1. Margaret says:

      Welcome, Waking Dream. Next year I’ll grow some plants and dry them as you say. They seem ideal for that. Sounds like 2011 will be our shared Year of the Juliet. :)

  13. Breanne says:

    We grew 22 types of tomatoes in our garden, and canned a roasted sauce with each. We have spent the winter trying each type of tomato sauce, and the best, by far – family and friends votes included, was the Juliet tomato sauce, beating out even heirloom varieties. I can’t believe this hybrid is so incredibly tasty. Since we are so into tomato sauce, this year we are only planing 11 varieties, and half the tomatoes will be Juliet. It is pretty difficult to find, and the tastiest one is the grape, not the plum, Juliet. The only seed company offering it (that I could find) is Sheeper’s.

    1. Margaret says:

      So glad you reminded me, Breanne, and welcome! I am going to call the farmer’s market grower near me who grows them and see if he will sell me some plants this spring. If not for you, I would have let it slide…and Johnny’s (where I had intended to get it) is out of stock. Good thing I have my readers to keep me on track here! Glad to meet you, and see you soon again, I hope.

  14. Lorene says:

    Every year I try different varieties of tomatoes, but Juliets, Sungolds and Green Zebras are constants. I dehydrate the Juliets, use them in salads, and, of course, eat them right off the vine. They are a favorite. I will be sure to try them for sauce this year. One of my favorites for sauce has been Big Mamas, but I was unable to purchase the seeds this year — the seed companies only offered plants. What a disappointment. By the way, I tried the Texas Tomato Cages at your suggestions. They are GREAT!!!. I am ordering more.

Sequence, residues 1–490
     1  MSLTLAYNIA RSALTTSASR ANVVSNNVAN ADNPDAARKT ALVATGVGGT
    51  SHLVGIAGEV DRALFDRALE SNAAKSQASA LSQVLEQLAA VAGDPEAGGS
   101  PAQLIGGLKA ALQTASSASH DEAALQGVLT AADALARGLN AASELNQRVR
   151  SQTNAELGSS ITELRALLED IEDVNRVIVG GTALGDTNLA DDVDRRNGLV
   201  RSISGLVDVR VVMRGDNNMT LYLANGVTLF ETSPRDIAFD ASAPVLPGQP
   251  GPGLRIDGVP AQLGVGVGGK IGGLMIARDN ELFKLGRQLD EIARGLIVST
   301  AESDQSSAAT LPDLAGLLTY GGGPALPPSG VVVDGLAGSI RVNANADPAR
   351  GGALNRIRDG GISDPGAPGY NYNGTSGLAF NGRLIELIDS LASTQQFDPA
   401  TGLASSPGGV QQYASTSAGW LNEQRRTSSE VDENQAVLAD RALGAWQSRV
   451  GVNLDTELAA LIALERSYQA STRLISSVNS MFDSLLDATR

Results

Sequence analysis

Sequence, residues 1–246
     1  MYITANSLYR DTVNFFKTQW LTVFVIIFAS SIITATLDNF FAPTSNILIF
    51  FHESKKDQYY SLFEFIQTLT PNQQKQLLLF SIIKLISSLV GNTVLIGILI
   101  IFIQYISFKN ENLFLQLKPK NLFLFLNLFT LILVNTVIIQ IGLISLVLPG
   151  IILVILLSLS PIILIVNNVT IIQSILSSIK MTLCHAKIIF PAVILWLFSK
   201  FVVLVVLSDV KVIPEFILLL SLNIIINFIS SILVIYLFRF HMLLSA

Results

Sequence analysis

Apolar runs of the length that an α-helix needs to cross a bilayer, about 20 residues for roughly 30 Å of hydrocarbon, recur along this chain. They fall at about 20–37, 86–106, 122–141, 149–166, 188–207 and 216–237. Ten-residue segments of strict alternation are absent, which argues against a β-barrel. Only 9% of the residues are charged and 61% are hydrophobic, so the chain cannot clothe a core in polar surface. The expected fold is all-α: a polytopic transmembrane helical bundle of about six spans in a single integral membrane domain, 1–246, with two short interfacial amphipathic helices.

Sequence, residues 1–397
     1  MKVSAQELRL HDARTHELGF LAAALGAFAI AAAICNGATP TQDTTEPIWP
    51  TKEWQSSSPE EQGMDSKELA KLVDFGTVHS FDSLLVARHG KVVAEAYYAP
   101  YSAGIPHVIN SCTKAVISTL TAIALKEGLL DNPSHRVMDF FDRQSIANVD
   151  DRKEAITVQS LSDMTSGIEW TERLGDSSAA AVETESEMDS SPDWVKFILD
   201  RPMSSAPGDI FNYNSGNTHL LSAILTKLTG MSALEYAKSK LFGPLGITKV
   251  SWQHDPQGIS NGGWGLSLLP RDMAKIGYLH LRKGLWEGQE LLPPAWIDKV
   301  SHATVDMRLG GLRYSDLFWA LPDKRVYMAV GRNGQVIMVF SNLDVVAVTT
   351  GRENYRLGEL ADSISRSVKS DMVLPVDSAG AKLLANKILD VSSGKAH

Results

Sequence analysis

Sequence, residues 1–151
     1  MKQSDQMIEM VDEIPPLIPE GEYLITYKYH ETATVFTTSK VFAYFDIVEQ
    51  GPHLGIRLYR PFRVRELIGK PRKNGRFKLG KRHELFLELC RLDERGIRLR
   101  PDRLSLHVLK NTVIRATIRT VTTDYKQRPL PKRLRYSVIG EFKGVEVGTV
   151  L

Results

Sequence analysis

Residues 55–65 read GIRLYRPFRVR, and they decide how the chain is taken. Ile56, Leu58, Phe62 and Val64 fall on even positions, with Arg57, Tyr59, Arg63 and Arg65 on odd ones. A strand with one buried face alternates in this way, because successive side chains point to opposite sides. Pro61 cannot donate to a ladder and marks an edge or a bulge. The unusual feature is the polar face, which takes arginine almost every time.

1. Margaret says:

      Welcome, Lorene. So glad the cages were a help — love them. Also share your affection for ‘Juliet’ and ‘Sungold’. :) See you soon!

  15. Terry says:

    Julliet has been my hands-down ‘favorite for years now. I freeze them whole on a tray in the freezer, then throw them in a zip lock. When I need a handful of fresh tomatoes for a recipe, I take some out of the bag and throw them in. They hold their shape surprisingly well.
    They are the tomato I dehydrate, and make fresh, skins and all sauce and roast them in the oven.
    Couldn’t ask for better!
    Totally Tomatoes, Johnny’s and a few other big names all offered Juliett this year.

  16. DonnaLee Lane says: